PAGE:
Date of Award

1997

Degree Type

Thesis

Degree Name

Master of Science in Psychology

Department

Psychology

First Advisor

David Faust

Abstract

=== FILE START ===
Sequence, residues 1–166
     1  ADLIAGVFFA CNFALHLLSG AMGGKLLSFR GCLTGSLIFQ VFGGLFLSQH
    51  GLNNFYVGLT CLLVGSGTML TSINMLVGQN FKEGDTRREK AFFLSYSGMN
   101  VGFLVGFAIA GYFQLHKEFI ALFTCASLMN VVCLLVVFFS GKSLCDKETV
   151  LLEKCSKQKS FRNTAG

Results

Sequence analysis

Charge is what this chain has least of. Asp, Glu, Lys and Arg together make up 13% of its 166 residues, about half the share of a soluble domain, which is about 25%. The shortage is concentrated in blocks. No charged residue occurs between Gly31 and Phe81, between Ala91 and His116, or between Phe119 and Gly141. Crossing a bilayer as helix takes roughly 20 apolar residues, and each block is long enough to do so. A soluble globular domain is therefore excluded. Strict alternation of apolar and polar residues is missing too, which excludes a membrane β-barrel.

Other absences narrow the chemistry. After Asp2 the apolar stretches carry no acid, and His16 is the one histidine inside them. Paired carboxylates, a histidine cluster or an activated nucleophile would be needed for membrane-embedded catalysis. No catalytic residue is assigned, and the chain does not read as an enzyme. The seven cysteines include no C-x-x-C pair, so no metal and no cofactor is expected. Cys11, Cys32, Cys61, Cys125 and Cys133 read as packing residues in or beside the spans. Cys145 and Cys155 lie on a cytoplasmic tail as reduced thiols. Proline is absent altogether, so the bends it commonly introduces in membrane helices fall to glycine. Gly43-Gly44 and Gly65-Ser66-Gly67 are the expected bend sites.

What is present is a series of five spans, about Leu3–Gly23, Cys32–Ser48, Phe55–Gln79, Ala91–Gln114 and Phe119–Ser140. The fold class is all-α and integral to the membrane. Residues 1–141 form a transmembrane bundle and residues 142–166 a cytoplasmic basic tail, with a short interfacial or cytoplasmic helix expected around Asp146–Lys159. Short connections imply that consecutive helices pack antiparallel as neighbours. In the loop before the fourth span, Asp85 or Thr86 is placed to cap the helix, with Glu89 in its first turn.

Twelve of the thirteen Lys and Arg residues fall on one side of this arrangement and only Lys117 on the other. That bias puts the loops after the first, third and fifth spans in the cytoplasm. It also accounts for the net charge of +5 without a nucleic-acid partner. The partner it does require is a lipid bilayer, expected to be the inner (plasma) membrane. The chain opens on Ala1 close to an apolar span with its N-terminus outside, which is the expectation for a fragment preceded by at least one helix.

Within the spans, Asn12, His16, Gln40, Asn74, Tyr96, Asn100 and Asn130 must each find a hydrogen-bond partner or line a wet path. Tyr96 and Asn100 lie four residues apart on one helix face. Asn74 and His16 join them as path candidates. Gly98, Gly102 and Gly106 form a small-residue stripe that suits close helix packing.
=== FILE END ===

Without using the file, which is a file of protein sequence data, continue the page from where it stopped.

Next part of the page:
Scoring objective personality tests is considered clerical, and presumably, straightforward in nature. This may be the reason that few studies, if any, have investigated the impact of scoring error on widely used tests, such as the MMPI or 801. Errors, even if infrequent (e.g. as few as 1% of tests), may adversely affect many hundreds or thousands of tests administered annually, however. In a study of three popular tests taken from three independent settings, this study found that the interpretation of popular tests are vulnerable even to small errors (i.e., 1 or 2 misscored items per test). This study explored the influence of two factors, scoring procedure complexity and commitment to scoring accuracy, hypothesized to be related to the occurrence of scoring error with fewer errors occurring when higher commitment to accuracy and lower scoring procedure complexity are present. The scoring procedure complexity effect was predicted to be subordinate to the commitment to accuracy effect. Three popular tests were sampled from three different settings and rescored to check for accuracy. Twenty-one percent of tests scored with low commitment to accuracy were erroneous, while tests scored with full commitment to accuracy had 1% errors. Scoring procedure complexity, categorized as high and low, yielded 29% and 14% erroneous tests, respectively, in the less than full commitment to accuracy sample, and 0 and 4% in the full commitment to accuracy sample. The results provide strong support for the factors as major predictors of scoring error, as well as the interaction effect anticipated. Other risk factors, such as commercial computer scoring errors and lack of agreement on test scoring standards, were also found to distort scores. The frequency and severity of erroneous findings in this study, the author argues, are unlikely to be specific to this study, but instead more general. The author shows how awareness of the two factors, as well as other sources of error, can be used to reduce the risk of scoring error and offers practical recommendations to improve scoring accuracy.

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